As a company director, there are a few different ways that you can receive an income or payment for your services. In this article, we look at how a company director can be paid through a salary, directors’ fees or dividends.

1. Directors’ Salary

If the company also employs you in a role other than a director, it can pay you a salary like any other employee. It is also required to pay you the superannuation guarantee that is currently at the rate of 9.5%.

2. Directors’ Fees

Directors’ fees are effectively compensation for your services performed as a company director. As a director, you could be entitled to receive directors’ fees instead of a salary if:

  • you are not also an employee of the company; and
  • you satisfy certain procedural requirements. 

Your company’s constitution must also include a provision allowing the company to pay you via directors’ fees, which can include:

  • travelling costs;
  • costs associated with attending meetings; and
  • other expenses incurred in the position of a company director.

Alternatively, shareholders can approve this under Rule 202A of the Corporations Act 2001 (Cth).

Even though a director may not be classified as a company employee, directors’ fees are subject to superannuation and are calculated using ordinary time earnings (OTE). This includes what directors earn as part of services provided for their ordinary hours of work as set out in the relevant agreement they have with the company (e.g. the company constitution or a shareholders agreement). Directors’ fees are also subject to payroll tax much like a salary.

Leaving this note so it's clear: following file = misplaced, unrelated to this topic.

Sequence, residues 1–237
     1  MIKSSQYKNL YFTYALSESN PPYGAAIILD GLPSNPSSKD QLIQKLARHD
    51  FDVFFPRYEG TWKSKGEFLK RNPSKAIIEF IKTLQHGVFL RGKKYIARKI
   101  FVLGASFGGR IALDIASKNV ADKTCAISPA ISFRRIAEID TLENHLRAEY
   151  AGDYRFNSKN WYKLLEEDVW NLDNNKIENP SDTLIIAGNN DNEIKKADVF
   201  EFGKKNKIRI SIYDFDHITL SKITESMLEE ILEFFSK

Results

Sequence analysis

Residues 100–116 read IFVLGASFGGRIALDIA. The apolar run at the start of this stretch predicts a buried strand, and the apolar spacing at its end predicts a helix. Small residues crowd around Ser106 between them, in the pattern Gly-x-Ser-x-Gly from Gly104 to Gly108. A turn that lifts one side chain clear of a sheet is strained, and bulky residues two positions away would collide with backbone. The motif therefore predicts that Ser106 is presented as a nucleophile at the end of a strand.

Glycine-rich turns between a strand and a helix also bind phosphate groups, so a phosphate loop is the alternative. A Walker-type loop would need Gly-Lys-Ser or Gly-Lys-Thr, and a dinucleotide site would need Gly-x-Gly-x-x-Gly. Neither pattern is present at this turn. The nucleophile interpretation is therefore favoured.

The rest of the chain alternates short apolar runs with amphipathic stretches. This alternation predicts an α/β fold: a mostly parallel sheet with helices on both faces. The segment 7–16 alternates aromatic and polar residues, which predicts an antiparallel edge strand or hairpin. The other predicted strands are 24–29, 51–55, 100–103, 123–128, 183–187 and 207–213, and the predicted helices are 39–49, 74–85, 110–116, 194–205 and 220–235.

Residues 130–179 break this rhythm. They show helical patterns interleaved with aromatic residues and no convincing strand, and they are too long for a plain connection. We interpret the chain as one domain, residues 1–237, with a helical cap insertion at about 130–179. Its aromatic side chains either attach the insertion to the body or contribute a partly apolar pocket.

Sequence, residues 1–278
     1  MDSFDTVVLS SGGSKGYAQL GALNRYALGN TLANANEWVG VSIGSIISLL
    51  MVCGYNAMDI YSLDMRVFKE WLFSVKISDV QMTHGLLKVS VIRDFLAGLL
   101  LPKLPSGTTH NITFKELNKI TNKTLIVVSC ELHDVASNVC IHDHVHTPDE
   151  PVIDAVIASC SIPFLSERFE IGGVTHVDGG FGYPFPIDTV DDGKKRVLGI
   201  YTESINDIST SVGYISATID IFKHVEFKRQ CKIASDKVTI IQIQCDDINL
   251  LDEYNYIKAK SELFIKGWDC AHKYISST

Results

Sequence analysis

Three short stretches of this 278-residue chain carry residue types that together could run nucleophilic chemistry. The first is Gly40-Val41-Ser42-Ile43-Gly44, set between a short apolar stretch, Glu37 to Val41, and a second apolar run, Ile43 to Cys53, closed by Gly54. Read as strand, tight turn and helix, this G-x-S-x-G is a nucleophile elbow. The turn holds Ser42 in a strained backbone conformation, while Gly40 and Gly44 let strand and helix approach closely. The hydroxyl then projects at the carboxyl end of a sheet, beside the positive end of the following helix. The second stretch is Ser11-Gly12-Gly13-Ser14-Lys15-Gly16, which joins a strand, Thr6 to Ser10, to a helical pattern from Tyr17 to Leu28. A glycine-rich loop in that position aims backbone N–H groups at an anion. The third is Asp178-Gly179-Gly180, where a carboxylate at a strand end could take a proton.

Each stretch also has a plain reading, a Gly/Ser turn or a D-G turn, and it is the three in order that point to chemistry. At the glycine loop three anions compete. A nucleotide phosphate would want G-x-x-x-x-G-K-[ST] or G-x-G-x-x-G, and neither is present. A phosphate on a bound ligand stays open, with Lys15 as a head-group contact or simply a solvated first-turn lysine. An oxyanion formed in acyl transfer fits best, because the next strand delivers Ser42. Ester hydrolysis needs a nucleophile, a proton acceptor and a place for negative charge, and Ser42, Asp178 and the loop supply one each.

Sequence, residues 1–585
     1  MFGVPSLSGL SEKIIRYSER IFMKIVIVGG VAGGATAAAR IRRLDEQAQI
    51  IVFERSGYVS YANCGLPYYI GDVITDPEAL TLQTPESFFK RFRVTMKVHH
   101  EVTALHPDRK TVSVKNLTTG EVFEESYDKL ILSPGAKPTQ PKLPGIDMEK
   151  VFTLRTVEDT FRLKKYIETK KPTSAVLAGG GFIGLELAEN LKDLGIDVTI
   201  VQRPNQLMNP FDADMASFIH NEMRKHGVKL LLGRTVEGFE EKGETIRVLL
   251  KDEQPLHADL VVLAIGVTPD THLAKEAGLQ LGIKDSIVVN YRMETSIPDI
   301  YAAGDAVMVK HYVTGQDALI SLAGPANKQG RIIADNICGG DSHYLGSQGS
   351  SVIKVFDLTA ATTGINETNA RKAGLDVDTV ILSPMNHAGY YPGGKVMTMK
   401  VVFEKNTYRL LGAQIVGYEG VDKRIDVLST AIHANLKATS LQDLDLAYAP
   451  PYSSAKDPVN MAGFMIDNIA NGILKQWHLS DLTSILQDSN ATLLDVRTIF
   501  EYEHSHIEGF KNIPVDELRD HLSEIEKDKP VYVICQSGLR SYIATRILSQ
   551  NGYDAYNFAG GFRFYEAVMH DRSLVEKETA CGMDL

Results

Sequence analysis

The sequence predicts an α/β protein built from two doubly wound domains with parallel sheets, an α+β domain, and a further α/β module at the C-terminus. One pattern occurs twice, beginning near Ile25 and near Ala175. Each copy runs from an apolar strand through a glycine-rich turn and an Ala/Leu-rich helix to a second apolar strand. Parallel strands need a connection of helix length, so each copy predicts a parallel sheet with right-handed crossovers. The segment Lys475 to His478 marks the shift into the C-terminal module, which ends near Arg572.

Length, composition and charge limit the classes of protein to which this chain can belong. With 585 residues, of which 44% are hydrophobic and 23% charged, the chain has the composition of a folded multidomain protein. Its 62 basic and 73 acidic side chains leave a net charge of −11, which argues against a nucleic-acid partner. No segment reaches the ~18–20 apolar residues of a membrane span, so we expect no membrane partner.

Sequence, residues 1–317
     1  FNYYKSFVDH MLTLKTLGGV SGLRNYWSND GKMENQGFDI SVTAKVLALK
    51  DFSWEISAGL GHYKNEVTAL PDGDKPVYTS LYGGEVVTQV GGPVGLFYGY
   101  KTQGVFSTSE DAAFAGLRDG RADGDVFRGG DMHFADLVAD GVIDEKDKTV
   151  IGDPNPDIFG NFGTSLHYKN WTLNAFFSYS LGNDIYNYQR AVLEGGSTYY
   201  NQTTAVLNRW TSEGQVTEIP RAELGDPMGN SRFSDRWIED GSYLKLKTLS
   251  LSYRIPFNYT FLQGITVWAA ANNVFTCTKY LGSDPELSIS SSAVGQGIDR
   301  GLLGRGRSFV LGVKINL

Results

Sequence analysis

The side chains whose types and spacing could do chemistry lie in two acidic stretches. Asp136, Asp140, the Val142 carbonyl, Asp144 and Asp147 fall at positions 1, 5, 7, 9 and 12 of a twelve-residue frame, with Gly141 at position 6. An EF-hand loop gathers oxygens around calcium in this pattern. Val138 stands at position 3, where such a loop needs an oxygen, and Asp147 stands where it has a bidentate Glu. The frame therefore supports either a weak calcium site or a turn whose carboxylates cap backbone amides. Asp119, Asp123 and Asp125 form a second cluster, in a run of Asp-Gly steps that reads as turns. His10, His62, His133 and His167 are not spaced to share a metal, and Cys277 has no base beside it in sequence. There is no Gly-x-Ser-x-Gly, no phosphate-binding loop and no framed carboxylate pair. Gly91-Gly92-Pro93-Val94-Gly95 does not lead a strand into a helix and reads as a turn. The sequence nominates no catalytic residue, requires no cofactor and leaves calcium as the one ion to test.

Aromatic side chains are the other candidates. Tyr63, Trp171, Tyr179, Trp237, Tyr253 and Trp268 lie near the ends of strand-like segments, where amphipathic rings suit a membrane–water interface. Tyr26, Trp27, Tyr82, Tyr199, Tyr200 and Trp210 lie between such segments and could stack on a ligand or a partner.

Companies need to ensure that they meet all of the procedural requirements when remunerating directors. A director of a company acting as a trustee for a trust will not have any entitlement to remuneration unless the company passes a resolution in a general meeting authorising this (Kelly v Commissioner of Taxation (No 2) [2012] FCA 689). In Kelly v Commissioner of Taxation, the company trustee had deducted superannuation contributions for its directors when the directors were not employees of the company. The court held that the directors were not entitled to these deductions because they had not met the regulatory requirements and did not fall within the scope of the term of ‘employee’ in section 12 of the Superannuation Guarantee (Administration) Act 1992 (Cth).

3. Payment Through Dividends

Dividends, or distributions, are paid to shareholders by the company using the profits the company has generated in a certain period. Directors are entitled to receive dividends if they hold shares that allow this. If a director is paid in dividends, the company does not have to pay the superannuation guarantee as dividends are not included in the calculations of OTE. There are, however, taxation consequences for a director and the company if the director is paid in dividends.

The company will need to pay tax on any profits made, and the director will receive a franking or imputation credit for tax the company paid when issuing the director with a dividend. If your personal tax total is less than the amount of the company’s tax total, the Australian Tax Office will refund you the difference. It is important to get tax advice from your accountant before receiving any dividends.

Key Takeaways

Directors are commonly renumerated through directors’ fees and payment through dividends. They will only receive a salary if they perform a role other than the company director. 

If you need advice about receiving payment for your services as a company director, call LegalVision’s business lawyers on 1300 544 755 or fill out the form on this page.

About LegalVision: LegalVision is a tech-driven, full-service commercial law firm that uses technology to deliver a faster, better quality and more cost-effective client experience.
Bianca Reynolds

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